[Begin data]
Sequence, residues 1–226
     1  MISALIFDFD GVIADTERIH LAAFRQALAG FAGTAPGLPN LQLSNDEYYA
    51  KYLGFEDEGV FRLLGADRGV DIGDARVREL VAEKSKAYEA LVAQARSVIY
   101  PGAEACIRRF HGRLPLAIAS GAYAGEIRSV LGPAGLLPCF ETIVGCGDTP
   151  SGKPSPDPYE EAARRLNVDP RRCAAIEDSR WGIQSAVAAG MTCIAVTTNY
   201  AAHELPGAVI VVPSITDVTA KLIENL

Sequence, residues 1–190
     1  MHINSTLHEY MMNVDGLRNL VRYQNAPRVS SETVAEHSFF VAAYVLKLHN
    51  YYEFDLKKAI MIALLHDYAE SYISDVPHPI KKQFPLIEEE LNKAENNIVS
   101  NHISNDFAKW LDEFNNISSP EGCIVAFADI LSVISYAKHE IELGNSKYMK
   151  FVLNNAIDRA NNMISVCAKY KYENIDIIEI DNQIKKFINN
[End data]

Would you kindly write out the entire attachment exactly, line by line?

Sequence, residues 1–226
     1  MISALIFDFD GVIADTERIH LAAFRQALAG FAGTAPGLPN LQLSNDEYYA
    51  KYLGFEDEGV FRLLGADRGV DIGDARVREL VAEKSKAYEA LVAQARSVIY
   101  PGAEACIRRF HGRLPLAIAS GAYAGEIRSV LGPAGLLPCF ETIVGCGDTP
   151  SGKPSPDPYE EAARRLNVDP RRCAAIEDSR WGIQSAVAAG MTCIAVTTNY
   201  AAHELPGAVI VVPSITDVTA KLIENL

Sequence, residues 1–190
     1  MHINSTLHEY MMNVDGLRNL VRYQNAPRVS SETVAEHSFF VAAYVLKLHN
    51  YYEFDLKKAI MIALLHDYAE SYISDVPHPI KKQFPLIEEE LNKAENNIVS
   101  NHISNDFAKW LDEFNNISSP EGCIVAFADI LSVISYAKHE IELGNSKYMK
   151  FVLNNAIDRA NNMISVCAKY KYENIDIIEI DNQIKKFINN